Built in 1810, Woolwich.
Taken in 1812.
- 1810 Lord William FITZROY, 06/1810, Lisbon station.
After a court martial at Lisbon on 7 April 1811 Capt. FITZROY was dismissed the service for 'tyranny and oppression' by putting the master of the MACEDONIAN in irons.
The master was afterwards also dismissed the service for contempt towards his captain.
Capt. Hon. William WALDEGRAVE took over command.
(Capt. FITZROY was restored to his rank the following August.)
- 1812 Capt. John Surman CARDEN.
MACEDONIAN was employed off the coast of Portugal and then inshore of the main squadron off the Basque Roads blockading Rochefort and on most days she was engaged with batteries, convoys and French frigates.
A French lugger was chased ashore within musket shot of the batteries near Ile d'Aix on 7 August 1812 and brought out by the boats under Lieut. George PECHELL.
Two enemy frigates attempted to recapture her the following morning but they retreated to their anchorage when MACEDONIAN approached.
Those responsible for accidentally firing a gun at long range received a severe reprimand from Capt. CARDEN.
- On 25 October MACEDONIAN was steering N. W. about 1,000 miles west of the Canary Islands when, at daybreak, a sail was seen on the lee beam.
Capt. CARDEN immediately stood towards and soon made out a large American frigate.
After exchanging shots at long range for an hour a close action commenced.
The enemy's force was so superior that there could only be one end to the battle; after two hours and ten minutes with all her masts badly damaged, all the guns on the quarter-deck and forecastle disabled except for two and a great proportion of the crew killed or wounded, Capt. CARDAN was forced to surrender his ship.
His opponent was the UNITED STATES, built with the scantlings of a 74-gun ship and armed with thirty long 24-pounders on her main deck and twenty-two 42 pounder carronades and two long 24-pounders on her quarter-deck and forecastle.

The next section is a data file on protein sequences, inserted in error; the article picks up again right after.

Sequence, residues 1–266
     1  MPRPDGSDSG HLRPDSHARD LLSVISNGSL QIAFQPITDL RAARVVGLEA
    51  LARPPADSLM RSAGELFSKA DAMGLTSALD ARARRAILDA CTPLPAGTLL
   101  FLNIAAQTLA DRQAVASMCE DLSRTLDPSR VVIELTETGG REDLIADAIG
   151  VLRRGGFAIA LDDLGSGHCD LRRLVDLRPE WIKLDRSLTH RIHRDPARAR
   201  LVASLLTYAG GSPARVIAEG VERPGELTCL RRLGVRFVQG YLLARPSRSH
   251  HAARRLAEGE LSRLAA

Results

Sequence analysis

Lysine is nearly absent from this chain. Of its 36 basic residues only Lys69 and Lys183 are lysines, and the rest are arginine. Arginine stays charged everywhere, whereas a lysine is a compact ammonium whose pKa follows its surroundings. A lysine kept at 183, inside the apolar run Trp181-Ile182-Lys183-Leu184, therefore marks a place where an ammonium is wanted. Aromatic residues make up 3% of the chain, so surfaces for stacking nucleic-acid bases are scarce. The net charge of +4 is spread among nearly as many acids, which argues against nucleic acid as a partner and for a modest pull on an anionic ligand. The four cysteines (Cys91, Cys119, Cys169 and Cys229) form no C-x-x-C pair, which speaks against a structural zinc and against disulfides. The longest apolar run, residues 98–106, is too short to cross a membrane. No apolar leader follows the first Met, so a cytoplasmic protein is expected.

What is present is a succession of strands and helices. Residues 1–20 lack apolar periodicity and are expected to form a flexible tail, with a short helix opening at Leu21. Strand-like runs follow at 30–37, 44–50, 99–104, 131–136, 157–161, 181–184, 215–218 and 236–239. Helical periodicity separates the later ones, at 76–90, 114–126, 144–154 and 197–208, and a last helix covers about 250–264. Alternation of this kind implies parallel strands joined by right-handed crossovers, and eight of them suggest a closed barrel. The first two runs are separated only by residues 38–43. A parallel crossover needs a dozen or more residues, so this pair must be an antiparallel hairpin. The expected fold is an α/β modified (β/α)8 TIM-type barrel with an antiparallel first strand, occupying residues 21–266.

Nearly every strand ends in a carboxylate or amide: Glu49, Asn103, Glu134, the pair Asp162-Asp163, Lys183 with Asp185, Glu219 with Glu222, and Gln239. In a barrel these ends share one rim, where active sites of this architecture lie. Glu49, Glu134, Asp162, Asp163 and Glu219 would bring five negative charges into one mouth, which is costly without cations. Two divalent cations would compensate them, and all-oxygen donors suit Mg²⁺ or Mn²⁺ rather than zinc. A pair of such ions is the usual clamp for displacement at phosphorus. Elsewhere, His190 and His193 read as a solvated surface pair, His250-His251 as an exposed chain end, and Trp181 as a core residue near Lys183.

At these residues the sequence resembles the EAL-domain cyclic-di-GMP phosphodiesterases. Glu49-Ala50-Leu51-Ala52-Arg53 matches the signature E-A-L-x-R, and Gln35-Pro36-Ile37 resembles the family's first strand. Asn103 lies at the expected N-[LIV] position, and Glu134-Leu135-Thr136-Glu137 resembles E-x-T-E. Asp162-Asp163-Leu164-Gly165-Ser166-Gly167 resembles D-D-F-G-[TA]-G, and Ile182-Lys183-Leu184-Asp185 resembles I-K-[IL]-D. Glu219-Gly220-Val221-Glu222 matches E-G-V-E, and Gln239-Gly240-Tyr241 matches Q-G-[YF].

- At a muster on the 28th. it was determined that MACEDONIAN had lost 36 killed, 36 severely wounded, many of whom were unlikely to recover, and 32 slightly wounded.
Lieut. David HOPE was severely wounded in the leg, and later even more so in the head, and taken below but was soon back again on the deck.
Lieut. John BULFORD was also wounded but remained at his quarters.
Lieut. Samuel MOTTLEY and the master, Mr WALKER, were unwounded.
- The prisoners were taken to New London were they were treated with great kindness by Com.
Decatur and his officers who returned all the private property taken in the ship.
They were taken by cartel to Bermuda where they faced a court martial on board SAN DOMINGO on 27 and 31 May 1813.
The "firmest and most determined courage and resolution" with which the officers and men of MACEDONIAN behaved throughout the action was praised and they were all honourably acquitted.
- Many (all according to Com.
Decatur) of the crew of the UNITED STATES had served in the Royal Navy.
A quarter-master discovered his first cousin on board her, two seamen found brothers and an officer's servant, a young lad from London named William HEARNE, also found his brother.